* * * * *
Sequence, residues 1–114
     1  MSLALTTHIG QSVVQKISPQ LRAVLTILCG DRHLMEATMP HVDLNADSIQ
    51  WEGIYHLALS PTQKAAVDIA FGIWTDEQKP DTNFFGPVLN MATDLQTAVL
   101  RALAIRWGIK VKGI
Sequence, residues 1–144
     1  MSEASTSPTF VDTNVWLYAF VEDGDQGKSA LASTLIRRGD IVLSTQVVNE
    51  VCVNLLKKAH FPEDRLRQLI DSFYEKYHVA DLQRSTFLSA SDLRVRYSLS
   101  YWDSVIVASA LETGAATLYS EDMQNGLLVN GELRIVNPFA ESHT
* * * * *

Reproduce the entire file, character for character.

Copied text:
Sequence, residues 1–114
     1  MSLALTTHIG QSVVQKISPQ LRAVLTILCG DRHLMEATMP HVDLNADSIQ
    51  WEGIYHLALS PTQKAAVDIA FGIWTDEQKP DTNFFGPVLN MATDLQTAVL
   101  RALAIRWGIK VKGI
Sequence, residues 1–144
     1  MSEASTSPTF VDTNVWLYAF VEDGDQGKSA LASTLIRRGD IVLSTQVVNE
    51  VCVNLLKKAH FPEDRLRQLI DSFYEKYHVA DLQRSTFLSA SDLRVRYSLS
   101  YWDSVIVASA LETGAATLYS EDMQNGLLVN GELRIVNPFA ESHT